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Qatar-backed wealth fund joins BRF to buy Turkey’s poultry leader

By RJ Whitehead , 11-Jan-2017

© iStock
© iStock

An international consortium backed by a Gulf sovereign wealth fund has agreed to buy Turkey’s biggest poultry producer in a half-billion-dollar deal fuelled by a desire to expand into halal markets.

The Qatar Investment Authority formed a joint venture with Brazilian food conglomerate BRF for the move, taking shares in Bjanvit Bandırma Vitaminli Yem Sanayii to a 12-year record.

Brazil’s biggest chicken exporter, whose Sadia subsidiary is well known in Gulf supermarkets, will join the QIA in acquiring Banvit in full, including some US$130m in net debt, the Sao Paulo-based company said in a regulatory filing. 

Banvit's production and distribution assets will be incorporated into Dubai-based One Foods, the joint-venture’s newly formed holding company, which has a stated focus on halal foods. 

BRF will take a 60% stake in the venture, with the QIA securing the remainder in a deal that values the Turkish company at US$470m.

This acquisition strengthens BRF’s presence in the halal market. It’s the first step to speed up One Foods’ growth,” BRF chief financial officer Alexandre Borges told Bloomberg.

The Brazilian company, a fifth of whose revenue comes from halal sales, has had its sights on expanding its Islamic markets for some time, and views the Turkish halal major’s 13% market share as a suitable launchpad. A fully integrated producer, the company also has five processing facilities and feed operations in Turkey.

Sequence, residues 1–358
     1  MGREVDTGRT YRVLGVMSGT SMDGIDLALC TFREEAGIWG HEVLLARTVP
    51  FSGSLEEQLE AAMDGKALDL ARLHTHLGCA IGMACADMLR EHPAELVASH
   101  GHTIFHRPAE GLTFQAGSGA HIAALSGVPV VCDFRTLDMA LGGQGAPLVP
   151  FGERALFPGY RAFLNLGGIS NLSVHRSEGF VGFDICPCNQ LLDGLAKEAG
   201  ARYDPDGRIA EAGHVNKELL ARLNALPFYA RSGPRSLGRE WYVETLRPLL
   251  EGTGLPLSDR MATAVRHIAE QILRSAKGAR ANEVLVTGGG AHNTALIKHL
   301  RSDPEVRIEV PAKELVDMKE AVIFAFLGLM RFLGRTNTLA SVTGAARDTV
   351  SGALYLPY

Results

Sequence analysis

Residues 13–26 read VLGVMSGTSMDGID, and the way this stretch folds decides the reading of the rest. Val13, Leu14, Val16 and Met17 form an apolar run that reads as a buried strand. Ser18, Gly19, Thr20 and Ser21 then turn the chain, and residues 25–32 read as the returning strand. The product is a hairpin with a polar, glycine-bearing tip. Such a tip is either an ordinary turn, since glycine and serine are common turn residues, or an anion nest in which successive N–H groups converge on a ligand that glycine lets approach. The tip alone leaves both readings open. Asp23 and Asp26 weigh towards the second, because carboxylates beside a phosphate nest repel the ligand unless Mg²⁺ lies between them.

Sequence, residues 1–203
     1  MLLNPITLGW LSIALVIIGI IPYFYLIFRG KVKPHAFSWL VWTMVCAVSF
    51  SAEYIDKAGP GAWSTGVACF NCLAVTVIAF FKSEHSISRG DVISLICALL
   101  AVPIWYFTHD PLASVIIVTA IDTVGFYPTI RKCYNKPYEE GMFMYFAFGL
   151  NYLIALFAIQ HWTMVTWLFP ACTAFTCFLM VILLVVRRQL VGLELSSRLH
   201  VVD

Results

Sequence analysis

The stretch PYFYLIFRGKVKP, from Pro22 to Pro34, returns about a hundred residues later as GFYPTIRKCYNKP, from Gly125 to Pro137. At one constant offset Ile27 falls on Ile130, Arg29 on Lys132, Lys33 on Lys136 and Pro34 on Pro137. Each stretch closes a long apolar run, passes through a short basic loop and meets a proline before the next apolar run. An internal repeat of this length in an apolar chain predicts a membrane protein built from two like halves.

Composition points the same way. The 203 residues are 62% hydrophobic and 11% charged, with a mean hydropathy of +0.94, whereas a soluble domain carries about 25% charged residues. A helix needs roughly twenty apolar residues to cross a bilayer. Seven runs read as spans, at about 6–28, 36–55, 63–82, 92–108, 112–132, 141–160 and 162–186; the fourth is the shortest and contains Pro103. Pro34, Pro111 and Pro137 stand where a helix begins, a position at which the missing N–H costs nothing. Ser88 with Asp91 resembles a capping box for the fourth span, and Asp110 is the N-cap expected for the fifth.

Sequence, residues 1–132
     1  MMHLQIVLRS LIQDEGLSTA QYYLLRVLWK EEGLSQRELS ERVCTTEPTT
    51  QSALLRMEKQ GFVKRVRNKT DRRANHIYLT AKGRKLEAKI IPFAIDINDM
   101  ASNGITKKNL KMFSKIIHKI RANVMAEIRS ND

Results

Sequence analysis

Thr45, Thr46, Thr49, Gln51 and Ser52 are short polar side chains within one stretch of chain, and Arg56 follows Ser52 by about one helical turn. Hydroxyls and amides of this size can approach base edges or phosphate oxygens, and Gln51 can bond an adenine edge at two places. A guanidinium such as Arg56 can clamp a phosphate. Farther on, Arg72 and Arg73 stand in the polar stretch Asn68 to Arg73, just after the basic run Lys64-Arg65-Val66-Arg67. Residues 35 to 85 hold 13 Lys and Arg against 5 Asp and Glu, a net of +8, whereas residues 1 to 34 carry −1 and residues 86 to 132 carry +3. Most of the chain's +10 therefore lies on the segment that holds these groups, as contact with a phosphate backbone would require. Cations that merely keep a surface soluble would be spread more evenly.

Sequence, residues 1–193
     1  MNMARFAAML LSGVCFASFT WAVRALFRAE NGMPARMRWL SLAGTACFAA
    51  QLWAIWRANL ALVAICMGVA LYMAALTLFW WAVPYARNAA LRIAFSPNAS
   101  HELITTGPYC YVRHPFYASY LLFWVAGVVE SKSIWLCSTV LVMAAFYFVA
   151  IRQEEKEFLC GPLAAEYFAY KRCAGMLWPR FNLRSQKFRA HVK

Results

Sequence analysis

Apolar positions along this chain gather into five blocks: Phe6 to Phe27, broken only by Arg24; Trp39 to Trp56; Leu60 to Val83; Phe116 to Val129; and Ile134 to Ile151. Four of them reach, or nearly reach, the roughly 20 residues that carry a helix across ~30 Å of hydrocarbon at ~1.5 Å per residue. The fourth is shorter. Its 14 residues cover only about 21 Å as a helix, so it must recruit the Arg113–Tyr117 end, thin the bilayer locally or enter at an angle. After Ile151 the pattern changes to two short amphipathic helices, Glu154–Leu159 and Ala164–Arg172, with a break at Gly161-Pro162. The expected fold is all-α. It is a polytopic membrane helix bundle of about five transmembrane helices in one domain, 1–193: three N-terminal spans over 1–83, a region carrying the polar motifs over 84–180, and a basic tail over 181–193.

This is part of our strategy as it reinforces the company’s long-term commitment with the region and its stakeholders,” Borges said. 

On Tuesday, Banvit’s shares had hiked in value by 12%, in contrast to BRF, whose stock had been reeling since an announcement last week that Saudi Arabia would increase duty on poultry imports. Saudi is Sadia’s biggest overseas market.

Turks eat the most halal chicken in the world, with per-capita consumption of 20kg a year, and the market has plenty of room for growth, the joint-venture believes. The new company will also seek to increase production and sales of processed halal lines.

Regulatory approvals must first take before the deal is concluded, though it is expected to be finalised in the second quarter this year.

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